One proven method for insuring quality restaurant guest service is to transform mundane tasks into a routine. We do love our checklists, service cycles and the like in the restaurant industry. And for good reason. These routines create consistency, help frame a guest’s expectations of the way you serve and insure you are adding a system to that service. Unfortunately, these routines can also lead down the path of least resistance.
For example, every server knows they should check on a table after the guests receive their meals, but things can also be really busy. Consequently, we do a drive by check in and ask, “Is everything all right?” Phrases like that abound in our industry and at best they are a lazy attempt at fulfilling the mundane and at worst they are downright dismissive of the guest.
In fact at the San Francisco-based restaurant group Max’s Opera Cafe, if your server asks, “Is everything all right?” your meal is on the house. That’s a powerful commitment from an operator to eradicate this lousy shortcut. Ultimately, avoiding these types of shortcut phrases is a great way to improve service in a manner which guests may not identify, but will feel at an atmospheric level.
In the end, catchphrases are shortcuts which short change the guest experience. There are a myriad of phrases which should be trained out of your server’s lexicon -- and only you can do it. That’s why we developed a list of the worst offenders (only anecdotally, of course) and identify an alternative to make sure the mundane doesn’t damage great service.
1. “All set?”
How many times has a busy server asked a guest, “All set?” and prayed the guest either said yes or waved them off? It’s impersonal and dismissive.
Try this: “Can I get you anything else?” or a specific question about their meal experience. You prove you are paying attention and assure the guest gets what they need to improve their experience.
2. “How are WE doing this evening?”
Somewhere everyone has heard this phrase used. We is a first person pronoun and therefore presupposes the speaker is referring to themselves. This phrase comes off sounding very condescending. You can hear a headmaster saying this to misbehaving students, not a server saying it to a grown ass adult. Servers need to simply be friendly and normative.
Try this: “How are all of you this evening?”
3. “Hi, two?”
No, I’m actually 50, but thanks for asking. This is regular exchange that can be so much more personal, even if it’s crazy busy.
Try this: “Nice to see you this evening. How many are in your party?”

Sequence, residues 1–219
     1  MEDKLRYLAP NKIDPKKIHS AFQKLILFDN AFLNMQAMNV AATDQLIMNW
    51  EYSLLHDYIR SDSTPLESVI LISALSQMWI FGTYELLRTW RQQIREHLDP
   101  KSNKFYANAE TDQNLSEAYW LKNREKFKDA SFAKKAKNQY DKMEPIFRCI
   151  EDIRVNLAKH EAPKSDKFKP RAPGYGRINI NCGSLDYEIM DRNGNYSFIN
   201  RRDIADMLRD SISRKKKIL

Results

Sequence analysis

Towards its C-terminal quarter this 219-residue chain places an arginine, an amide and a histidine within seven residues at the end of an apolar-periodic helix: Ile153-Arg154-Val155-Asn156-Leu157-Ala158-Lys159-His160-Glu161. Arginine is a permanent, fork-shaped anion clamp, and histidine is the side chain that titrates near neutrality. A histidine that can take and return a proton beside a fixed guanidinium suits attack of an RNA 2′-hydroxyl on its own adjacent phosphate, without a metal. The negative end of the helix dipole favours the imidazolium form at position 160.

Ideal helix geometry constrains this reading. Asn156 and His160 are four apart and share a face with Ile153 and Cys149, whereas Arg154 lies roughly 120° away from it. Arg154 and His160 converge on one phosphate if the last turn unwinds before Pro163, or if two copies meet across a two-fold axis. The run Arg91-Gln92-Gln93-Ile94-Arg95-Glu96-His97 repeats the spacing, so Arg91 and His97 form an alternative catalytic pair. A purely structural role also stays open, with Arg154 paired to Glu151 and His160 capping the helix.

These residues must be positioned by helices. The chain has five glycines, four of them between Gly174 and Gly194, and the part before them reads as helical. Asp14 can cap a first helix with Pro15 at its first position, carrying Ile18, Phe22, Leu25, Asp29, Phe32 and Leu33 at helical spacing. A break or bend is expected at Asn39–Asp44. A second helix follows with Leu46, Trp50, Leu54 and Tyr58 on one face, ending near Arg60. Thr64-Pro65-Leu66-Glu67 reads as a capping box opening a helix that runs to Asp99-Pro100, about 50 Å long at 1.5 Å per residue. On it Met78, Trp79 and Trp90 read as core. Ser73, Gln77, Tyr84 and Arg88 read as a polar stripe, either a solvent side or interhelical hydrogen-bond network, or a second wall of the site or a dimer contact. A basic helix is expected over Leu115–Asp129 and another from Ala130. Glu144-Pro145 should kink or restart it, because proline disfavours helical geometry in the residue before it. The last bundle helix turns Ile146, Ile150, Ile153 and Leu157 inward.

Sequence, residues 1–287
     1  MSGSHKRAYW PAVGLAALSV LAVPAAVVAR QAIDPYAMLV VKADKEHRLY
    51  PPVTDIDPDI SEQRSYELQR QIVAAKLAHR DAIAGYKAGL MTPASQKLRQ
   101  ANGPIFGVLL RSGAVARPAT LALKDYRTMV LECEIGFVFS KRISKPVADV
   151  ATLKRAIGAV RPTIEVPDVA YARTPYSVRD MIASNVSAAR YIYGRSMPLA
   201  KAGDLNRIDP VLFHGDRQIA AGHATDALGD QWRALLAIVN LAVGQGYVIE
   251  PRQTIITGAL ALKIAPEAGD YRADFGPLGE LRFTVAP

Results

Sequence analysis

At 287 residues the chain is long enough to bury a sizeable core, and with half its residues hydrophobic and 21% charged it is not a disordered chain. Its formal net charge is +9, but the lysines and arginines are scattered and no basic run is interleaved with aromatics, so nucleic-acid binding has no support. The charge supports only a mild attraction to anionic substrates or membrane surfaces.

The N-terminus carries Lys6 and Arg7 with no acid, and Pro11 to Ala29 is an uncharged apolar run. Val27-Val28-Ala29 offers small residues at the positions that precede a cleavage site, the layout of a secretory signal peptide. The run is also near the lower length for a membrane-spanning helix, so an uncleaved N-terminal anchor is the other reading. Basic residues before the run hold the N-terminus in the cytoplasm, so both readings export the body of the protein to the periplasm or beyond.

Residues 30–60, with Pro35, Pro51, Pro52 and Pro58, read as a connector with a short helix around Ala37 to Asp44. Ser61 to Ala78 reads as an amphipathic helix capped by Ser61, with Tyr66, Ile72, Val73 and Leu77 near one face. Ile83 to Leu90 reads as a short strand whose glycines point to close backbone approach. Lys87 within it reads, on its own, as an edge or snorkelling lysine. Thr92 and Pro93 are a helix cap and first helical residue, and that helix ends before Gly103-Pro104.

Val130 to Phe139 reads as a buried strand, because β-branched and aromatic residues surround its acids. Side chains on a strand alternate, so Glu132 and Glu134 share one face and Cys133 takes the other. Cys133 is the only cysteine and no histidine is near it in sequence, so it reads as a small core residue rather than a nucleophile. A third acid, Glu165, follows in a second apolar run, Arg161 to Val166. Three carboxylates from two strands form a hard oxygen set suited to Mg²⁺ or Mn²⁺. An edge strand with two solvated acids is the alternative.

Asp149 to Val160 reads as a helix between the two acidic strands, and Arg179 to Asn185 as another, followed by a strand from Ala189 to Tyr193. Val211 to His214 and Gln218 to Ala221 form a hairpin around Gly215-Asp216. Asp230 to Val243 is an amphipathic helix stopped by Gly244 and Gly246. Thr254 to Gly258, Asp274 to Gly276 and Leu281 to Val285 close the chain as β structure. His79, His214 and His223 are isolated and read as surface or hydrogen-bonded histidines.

4. Phone answering with “Restaurant Name” followed by… nothing
There’s a reason chain operators mandate specific and planned greetings for guest phone calls. First, it insures a consistent guest experience and second, it conveys a message or mood about the restaurant.
Try this: “Good afternoon and thank you for calling (Fill in your venue name). This is (staff person name), how may I help you?”
Call your own restaurant once in a while and be honest with what it sounds like.
5. “I don’t know.”
It’s a clear sin to not know the menu as a restaurant server or bartender. In fact, in a recent Rail Hack we beseeched you to require all new employees pass a menu test to insure no one on your team can claim ignorance to the menu.
Try this: If a special or new item is available and the server isn’t sure, wouldn’t it be better to say, “I’m not sure, but I will check with the kitchen right now?”
6. “What can I get ya?”
Ugh. This is such a regular occurrence it hurts to even type it.
Try this: Here are a few for your servers to try: “Are you ready to order?”, “Do you have any questions about the menu before you choose?”, “Which of our great starters did you want to begin with?”
7. “Do you need change?”
Perhaps the most presumptuous catchphrase of them all, is the shameless troll to keep the change. It conveys a desire not to further interact with the guest and assumes whatever is left over belongs to you.
Try this: Go with something like, “I’ll get this processed and be back right away.” The guest knows if they don’t need change and will simply reply, “No, it’s all set.”
(yes, insert irony here)
It all comes down to training and actually listening to your team as they deliver service. You will be shocked what you see when you look. Whether you implement a self-penalty as Max’s has done or focus your training efforts to eradicate the catchphrases, it’s your guests that will win.
Got a bad server catchphrase of your own? Let us know in the comments below!